Nutanix launches and a new era for data center computing is born — No SAN or NAS required! August 16, 2011Posted by ravimhatre in 2011, Cloud Computing, data, database, datacenter, enterprise infrastructure, Infrastructure, platforms, Portfolio Company blogs, startup, startups, Storage, Uncategorized.
Tags: data center, datacenter, nas, san, storage, virtualization, vmware
The Nutanix team (ex-Googlers, VMWare, and Asterdata alums) have been quietly working to create the world’s first high-performance appliance that enables IT to deploy a complete data center environment (compute, storage, network) from a single 2U appliance.
The platform also scales to much larger configurations with zero downtime or admin changes and users can run a broard array of mixed workloads from mail/print/file servers to databases to back-office applications without having to make upfront decisions about where or how to allocate their scare hardware resources.
For the first time an IT administrator in a small or mid-sized company or a branch office can plug in his or her virtual data center and be up/running in a matter of minutes.
Some of the most disruptive elements of Nutanix’s technology which enable the customer to avoid expensive SAN and NAS investments typically required for true data center computing are aptly described on company’s blog – http://www.nutanix.com/blog/.
Take a look. We believe this represents the beginning of the next generation in data center computing.
The Lightspeed Summer Fellowship Program Explained April 12, 2011Posted by John Vrionis in 2011, blogging, start-up, startup, startups, Summer Program, Venture Capital.
There’s been some great discussions recently about the Lightspeed Summer Program (http://news.ycombinator.com/item?id=2380567) and at several of the sessions over the weekend at the Stanford E-Boot Camp (http://bases.stanford.edu/e-bootcamp/ so I thought I’d do a quick post to help answer some of the recurring questions.
Background. I started the program at Lightspeed 6 years ago because as an undergraduate and graduate student I, as well as many of my entrepreneurial classmates, took on “real” internships during the summers in order to pay the bills (rent, gas, beer…). We worked on our startup ideas on nights and weekends out of necessity. When I joined Lightspeed in 2006 and realized that we had the resources to facilitate some number of idea-stage projects, we put together the Summer Program and opened it up to student led teams. Why did a student need to be involved? We had to draw the line somewhere. The program could not be just another entryway for entrepreneurs to pitch Lightspeed. We wanted to target young, entrepreneurial minded people and give them a viable summer alternative to taking that traditional internship.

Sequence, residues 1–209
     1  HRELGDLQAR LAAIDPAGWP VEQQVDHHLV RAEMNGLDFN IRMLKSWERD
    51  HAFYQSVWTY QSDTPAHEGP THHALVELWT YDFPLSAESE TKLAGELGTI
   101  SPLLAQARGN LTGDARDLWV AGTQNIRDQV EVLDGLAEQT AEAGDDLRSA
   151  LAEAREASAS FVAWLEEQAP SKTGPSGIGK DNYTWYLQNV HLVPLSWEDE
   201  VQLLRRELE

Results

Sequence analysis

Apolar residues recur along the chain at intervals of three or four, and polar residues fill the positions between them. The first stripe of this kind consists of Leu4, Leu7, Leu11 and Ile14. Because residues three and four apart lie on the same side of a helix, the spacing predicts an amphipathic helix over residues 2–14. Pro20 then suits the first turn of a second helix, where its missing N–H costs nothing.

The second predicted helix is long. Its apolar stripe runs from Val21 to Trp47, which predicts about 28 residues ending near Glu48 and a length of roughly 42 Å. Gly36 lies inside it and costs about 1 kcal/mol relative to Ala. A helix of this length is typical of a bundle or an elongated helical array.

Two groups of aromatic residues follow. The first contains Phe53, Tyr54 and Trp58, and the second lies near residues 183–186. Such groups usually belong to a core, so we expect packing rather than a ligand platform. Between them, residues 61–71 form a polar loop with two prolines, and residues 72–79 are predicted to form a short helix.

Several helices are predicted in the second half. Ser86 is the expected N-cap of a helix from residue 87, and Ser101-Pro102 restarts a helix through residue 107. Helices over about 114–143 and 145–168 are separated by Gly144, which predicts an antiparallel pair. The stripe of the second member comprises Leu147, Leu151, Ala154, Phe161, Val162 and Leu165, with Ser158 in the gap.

I know from personal experience just how hard starting a company can be. It’s a BIG DECISION to tackle early in your professional career. Pieces of the program have changed over time, but the GOAL has remained constant since inception and that is simply to give young entrepreneurs the time and resources to fully experience what it is like to start a company.
Purpose. The Lightspeed Summer Program is NOT an incubator, nor was it ever intended to be. We are not looking to fund companies out of the program. Really. I promise. We want people to experience startup life fulltime and have the opportunity to learn if it is something they truly want to do. Is there benefit to Lightspeed? Yes, of course. We hope to build relationships with young, talented entrepreneurs at this stage in their careers. We are in the business of fostering entrepreneurship. We also have a very long term view on what this means. The opportunity to work with bright, energetic people who have ideas about how to change the world is exactly why we do this job in the first place.
Why don’t you ask for equity or a right to invest? It’s funny, people have asked me “What’s the catch?” Or, “It sounds too good to be true, so what am I missing?” I appreciate the genuine skepticism so I want to be as clear as I can on this one. The reasons we don’t require an obligation from the entrepreneurs we accept are simple:
First, we don’t have expectations that the teams we accept will be ready for venture capital during or after completing the program. In fact, I’ve been surprised by the number (12+) that have gone on to receive venture or angel funding.